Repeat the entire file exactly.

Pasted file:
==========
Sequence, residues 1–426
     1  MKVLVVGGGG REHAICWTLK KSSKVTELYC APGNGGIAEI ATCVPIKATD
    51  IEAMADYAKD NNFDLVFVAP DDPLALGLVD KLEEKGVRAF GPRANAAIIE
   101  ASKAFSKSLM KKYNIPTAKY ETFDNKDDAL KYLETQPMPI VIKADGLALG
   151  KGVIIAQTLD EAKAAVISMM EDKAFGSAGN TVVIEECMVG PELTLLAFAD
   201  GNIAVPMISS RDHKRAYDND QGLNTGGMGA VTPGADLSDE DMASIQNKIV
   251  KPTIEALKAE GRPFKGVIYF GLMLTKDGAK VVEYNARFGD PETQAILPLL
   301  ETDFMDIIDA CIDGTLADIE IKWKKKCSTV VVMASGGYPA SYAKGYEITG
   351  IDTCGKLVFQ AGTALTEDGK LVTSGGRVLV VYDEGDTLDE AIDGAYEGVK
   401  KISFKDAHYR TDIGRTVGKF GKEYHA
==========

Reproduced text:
Sequence, residues 1–426
     1  MKVLVVGGGG REHAICWTLK KSSKVTELYC APGNGGIAEI ATCVPIKATD
    51  IEAMADYAKD NNFDLVFVAP DDPLALGLVD KLEEKGVRAF GPRANAAIIE
   101  ASKAFSKSLM KKYNIPTAKY ETFDNKDDAL KYLETQPMPI VIKADGLALG
   151  KGVIIAQTLD EAKAAVISMM EDKAFGSAGN TVVIEECMVG PELTLLAFAD
   201  GNIAVPMISS RDHKRAYDND QGLNTGGMGA VTPGADLSDE DMASIQNKIV
   251  KPTIEALKAE GRPFKGVIYF GLMLTKDGAK VVEYNARFGD PETQAILPLL
   301  ETDFMDIIDA CIDGTLADIE IKWKKKCSTV VVMASGGYPA SYAKGYEITG
   351  IDTCGKLVFQ AGTALTEDGK LVTSGGRVLV VYDEGDTLDE AIDGAYEGVK
   401  KISFKDAHYR TDIGRTVGKF GKEYHA